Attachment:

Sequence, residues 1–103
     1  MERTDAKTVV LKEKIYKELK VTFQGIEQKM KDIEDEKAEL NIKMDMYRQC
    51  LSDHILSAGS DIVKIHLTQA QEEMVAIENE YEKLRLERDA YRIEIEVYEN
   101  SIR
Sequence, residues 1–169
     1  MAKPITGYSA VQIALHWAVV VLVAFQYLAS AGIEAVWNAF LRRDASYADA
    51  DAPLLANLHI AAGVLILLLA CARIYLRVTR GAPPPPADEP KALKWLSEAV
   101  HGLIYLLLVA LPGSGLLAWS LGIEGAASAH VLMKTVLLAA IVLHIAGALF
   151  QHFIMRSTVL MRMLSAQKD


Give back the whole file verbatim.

Sequence, residues 1–103
     1  MERTDAKTVV LKEKIYKELK VTFQGIEQKM KDIEDEKAEL NIKMDMYRQC
    51  LSDHILSAGS DIVKIHLTQA QEEMVAIENE YEKLRLERDA YRIEIEVYEN
   101  SIR
Sequence, residues 1–169
     1  MAKPITGYSA VQIALHWAVV VLVAFQYLAS AGIEAVWNAF LRRDASYADA
    51  DAPLLANLHI AAGVLILLLA CARIYLRVTR GAPPPPADEP KALKWLSEAV
   101  HGLIYLLLVA LPGSGLLAWS LGIEGAASAH VLMKTVLLAA IVLHIAGALF
   151  QHFIMRSTVL MRMLSAQKD